Dear Parish Faithful,
Yet, as I shared yesterday in the post-Liturgy discussion, I am beginning to believe that perhaps the main character in the parable is the "other son" of the father, who can also be identified as the "unforgiving brother." This in no way diminishes the prodigal son's dramatic "change of mind" and his return to the loving embrace of his father; but it simply further enhances the depth of this seemingly inexhaustibly rich parable. (And, of course, a book-length discourse could be written about the father of the parable). I came across this very insightful paragraph from a contemporary biblical scholar, Brendan Byrne, on precisely that theme that I would like to further share with everyone:
In the original setting the parable serves ... to ward off the criticism the scribes and Pharisees mount against Jesus' celebration of God's acceptance. Doubtless, the early Church found in it, too, an analysis of Israel's problems with accepting the gospel of the crucified Messiah and the inclusion of Gentiles in the People of God. The applications are endless.
One perhaps that we should not omit considering is that of finding in ourselves and our communities the rather different patterns of sinfulness shown by the two brothers: the overt sinning of the younger, the resentment and resistance of the older - and to ask which of the two patterns of the parable suggests to be the more difficult for God to deal with.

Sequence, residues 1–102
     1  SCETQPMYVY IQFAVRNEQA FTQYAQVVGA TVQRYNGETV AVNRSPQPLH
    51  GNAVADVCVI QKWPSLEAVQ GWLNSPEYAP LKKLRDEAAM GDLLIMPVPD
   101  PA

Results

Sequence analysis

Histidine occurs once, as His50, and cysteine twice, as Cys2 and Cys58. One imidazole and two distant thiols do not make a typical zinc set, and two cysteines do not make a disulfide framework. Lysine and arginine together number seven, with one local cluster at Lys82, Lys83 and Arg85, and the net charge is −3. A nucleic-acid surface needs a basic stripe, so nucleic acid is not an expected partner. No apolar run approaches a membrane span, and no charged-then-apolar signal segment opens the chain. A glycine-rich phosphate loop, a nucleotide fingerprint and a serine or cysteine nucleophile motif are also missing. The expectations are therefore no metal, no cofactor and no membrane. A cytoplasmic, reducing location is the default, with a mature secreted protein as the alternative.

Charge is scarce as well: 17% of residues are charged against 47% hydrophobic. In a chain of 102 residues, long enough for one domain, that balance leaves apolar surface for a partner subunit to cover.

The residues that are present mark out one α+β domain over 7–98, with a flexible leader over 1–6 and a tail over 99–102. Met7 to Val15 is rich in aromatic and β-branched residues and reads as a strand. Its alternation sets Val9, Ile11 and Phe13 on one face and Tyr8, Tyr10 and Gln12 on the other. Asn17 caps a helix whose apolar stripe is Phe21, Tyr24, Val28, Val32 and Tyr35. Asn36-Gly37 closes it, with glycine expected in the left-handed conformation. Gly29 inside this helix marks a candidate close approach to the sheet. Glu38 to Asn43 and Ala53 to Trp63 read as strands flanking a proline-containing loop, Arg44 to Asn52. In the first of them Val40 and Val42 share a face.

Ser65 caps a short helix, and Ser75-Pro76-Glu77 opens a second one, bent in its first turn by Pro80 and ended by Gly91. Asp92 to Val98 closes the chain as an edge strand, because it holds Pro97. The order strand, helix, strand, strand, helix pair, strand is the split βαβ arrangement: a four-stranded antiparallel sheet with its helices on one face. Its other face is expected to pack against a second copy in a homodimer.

But sinfulness is not in the end the main point. Fundamentally, like all the parables, the three stories in this chapter ask: "Do you really know God?" Or rather, "Are you comfortable with the God who acts with the foolishness of love displayed by the characters in these parables?"
From The Hospitality of God by Brendan Byrne (p. 132)
Perhaps the unforgiving brother poses the greatest challenge to us, in that it is this figure in the parable that we most resemble! The parables will never cease to challenge any form of "comfortable Christianity" that we embrace.